Hunslet – the Engine Building Neighbourhood
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Shepheard & Todd, Kitson and Co, John Fowler, J&H McLaren, Hudswell Clarke, Manning Wardle, Hunslet Engine Co and E.B.Wilson are names which many who are interested in steam engines will recognise at least a few of. These companies all operated next door or across the road from each other making Hunslet very much a neighbourhood of engine builders. To understand why this happened we need to look at a little of the history of these companies, and ideally to look at the area itself to try and get an idea of how it might have been years ago when the whole area was a mass of engineering companies.
The beginning of engine building in Hunslet In 1837 Charles Todd left Fenton, Murray & Jackson's of Holbeck to establish a new firm with James Kitson and financial backer David Laird. The first engine works is said to have been established in old mill buildings on Pearson Street leased from John Fretwell. The reason the firm was established here was largely due to family connections. John Fretwell had a great niece called Ann who was married to James Kitson and a niece called Isabelle who was married to Charles Todd. The firm built 6 locos for the Liverpool and Manchester Railway, of which Lion still survives in Liverpool Museum. Legend has it that when the first engine was built it was too big to get it out of the mill’s doorways and a hole had to be knocked in the wall. The use of old mill buildings must have been very short lived however as on the 1st September 1837 the firm advertised in the Leeds Mercury that they were working in 'entirely new buidlings erected for the purpose.' The Todd Kitson & Laird partnership was short lived and in late 1939 Kitson & Laird formed the Airedale Foundry on the north side of Pearson street while Todd teamed up with John Shepheard to form Shepheard & Todd’s Railway Foundry on the south side of the street.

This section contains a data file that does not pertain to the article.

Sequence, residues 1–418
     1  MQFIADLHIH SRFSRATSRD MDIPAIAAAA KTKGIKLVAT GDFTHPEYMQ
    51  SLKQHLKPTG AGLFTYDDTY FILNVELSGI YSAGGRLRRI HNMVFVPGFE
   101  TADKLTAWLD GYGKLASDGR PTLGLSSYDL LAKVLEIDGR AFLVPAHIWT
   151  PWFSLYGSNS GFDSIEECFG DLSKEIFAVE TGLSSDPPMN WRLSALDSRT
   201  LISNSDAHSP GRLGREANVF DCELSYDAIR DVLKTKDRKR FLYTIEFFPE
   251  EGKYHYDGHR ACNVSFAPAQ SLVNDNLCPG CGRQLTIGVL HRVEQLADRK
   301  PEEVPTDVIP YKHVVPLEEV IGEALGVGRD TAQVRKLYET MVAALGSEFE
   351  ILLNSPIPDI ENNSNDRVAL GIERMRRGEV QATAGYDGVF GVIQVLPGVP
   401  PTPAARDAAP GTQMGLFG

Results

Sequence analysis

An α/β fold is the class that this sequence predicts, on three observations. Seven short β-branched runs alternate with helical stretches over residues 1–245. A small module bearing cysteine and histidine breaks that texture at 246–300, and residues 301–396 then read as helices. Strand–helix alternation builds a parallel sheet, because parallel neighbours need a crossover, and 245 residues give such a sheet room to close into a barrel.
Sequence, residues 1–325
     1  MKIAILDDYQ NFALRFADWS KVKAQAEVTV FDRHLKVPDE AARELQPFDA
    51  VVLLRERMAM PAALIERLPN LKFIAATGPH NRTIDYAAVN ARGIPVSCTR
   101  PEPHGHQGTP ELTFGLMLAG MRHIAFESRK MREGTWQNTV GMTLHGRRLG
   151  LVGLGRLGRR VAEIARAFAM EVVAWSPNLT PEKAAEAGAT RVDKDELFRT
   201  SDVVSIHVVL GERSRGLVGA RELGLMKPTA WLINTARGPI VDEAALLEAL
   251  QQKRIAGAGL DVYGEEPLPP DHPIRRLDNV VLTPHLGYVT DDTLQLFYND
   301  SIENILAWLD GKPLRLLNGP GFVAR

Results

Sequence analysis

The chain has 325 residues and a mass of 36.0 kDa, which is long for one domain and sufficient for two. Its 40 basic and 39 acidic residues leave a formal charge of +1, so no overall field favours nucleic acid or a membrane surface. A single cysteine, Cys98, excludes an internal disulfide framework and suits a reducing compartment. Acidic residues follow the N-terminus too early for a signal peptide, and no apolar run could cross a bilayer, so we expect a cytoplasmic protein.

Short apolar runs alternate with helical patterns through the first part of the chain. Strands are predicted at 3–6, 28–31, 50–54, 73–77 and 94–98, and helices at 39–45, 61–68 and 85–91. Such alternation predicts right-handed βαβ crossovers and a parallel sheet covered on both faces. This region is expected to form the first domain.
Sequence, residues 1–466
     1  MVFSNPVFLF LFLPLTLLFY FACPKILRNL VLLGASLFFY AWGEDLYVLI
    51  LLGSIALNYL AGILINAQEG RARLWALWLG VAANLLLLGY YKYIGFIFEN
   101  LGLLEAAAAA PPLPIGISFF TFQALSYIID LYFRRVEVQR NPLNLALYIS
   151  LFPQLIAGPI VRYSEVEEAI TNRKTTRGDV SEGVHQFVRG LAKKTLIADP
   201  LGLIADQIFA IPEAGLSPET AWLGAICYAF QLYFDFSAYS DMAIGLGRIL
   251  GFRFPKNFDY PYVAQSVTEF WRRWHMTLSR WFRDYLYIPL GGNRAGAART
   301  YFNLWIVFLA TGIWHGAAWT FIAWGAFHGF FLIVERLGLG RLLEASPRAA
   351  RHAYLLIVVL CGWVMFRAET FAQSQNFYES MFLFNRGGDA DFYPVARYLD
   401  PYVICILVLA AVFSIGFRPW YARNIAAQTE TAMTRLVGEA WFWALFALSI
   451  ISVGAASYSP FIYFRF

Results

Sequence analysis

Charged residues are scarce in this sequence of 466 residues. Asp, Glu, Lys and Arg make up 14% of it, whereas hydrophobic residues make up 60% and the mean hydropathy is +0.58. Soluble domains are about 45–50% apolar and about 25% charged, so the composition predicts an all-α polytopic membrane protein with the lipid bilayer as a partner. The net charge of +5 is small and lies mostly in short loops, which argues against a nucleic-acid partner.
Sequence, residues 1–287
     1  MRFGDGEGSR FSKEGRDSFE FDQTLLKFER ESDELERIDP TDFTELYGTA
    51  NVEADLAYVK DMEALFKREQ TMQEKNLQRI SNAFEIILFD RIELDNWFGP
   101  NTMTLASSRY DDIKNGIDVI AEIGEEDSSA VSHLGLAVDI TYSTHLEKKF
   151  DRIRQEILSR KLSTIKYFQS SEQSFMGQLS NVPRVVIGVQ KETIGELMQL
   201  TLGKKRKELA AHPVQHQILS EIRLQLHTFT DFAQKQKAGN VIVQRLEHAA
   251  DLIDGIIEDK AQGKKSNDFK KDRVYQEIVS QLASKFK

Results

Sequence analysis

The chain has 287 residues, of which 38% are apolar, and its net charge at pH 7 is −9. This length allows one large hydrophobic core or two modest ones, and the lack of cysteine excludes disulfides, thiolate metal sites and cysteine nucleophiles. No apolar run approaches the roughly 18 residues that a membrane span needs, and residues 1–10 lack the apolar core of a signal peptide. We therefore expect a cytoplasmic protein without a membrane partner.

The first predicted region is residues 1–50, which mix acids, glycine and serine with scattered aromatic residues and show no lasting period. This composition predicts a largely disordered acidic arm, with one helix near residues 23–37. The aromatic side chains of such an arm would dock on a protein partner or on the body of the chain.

John Fowler’s Steam Plough & Locomotive Works
A name that became one of the leading names in steam traction engine production, John Fowler originally worked with other firms to supply such agricultural equipment. In 1860 Kitson, Thompson and Hewitson began producing a number of ploughing engines to Fowler orders. It was this partnership that lead to John Fowler establishing his own works alongside the Airedale Foundry. Fowlers produced huge numbers of traction engines, ploughing equipment and steam locomotives, and went on to produce diesel locomotives until the mid 1960s.
The main part of Fowler’s works has been demolished and the site is now occupied by a Costco store, a plaque in the car park tells visitors of the works that once occupied the site.
One building of the Fowler works does survive. This building can be found between Leathley Street and the Crown Point Retail Park that now occupies what was once the site of the Midland Railway’s Hunslet West goods sheds. The building was the locomotive works and Fowler locomotives were assembled here.
Completed locos would often have been delivered by rail, Fowler had a connection to the Hunslet West goods yard via a wagon turntable. The now bricked up doorway at the rear of this building is where completed locomotives would have emerged from the works complex
Many of Fowler's official works photos were taken at this location and a number of photos of locomotives and traction engines taken here can be found.
When the modern steel shutters are open on the Leathley Street side of the building the old arched doorways of the building can be seen, also look out for the rails that are still set in to the workshop floors. There are rails to a number of gauges since much of Fowler's locomotive production was for narrow gauge industrial railways.
Picture of the site of the rail access in the building
Picture of the former Yorkshire PSW Co works
Bibliography Several books have been published about the Leeds engine building industry, a list is displayed in the Links and Further Reading section.
External Website Links steamindex.com:
This site features a comprehensive list of loco manufacturers and includes greater detail about the history of the local firms
Hunslet Remembered's section about the locomotive building industry and about steam road vehicle manufacture
The current Hunslet Engine Company website
This article was produced by Kris Ward, any feedback or contributions about the Leeds engine making industry would be greatly appreciated.
Page last modified: 08 January 2022
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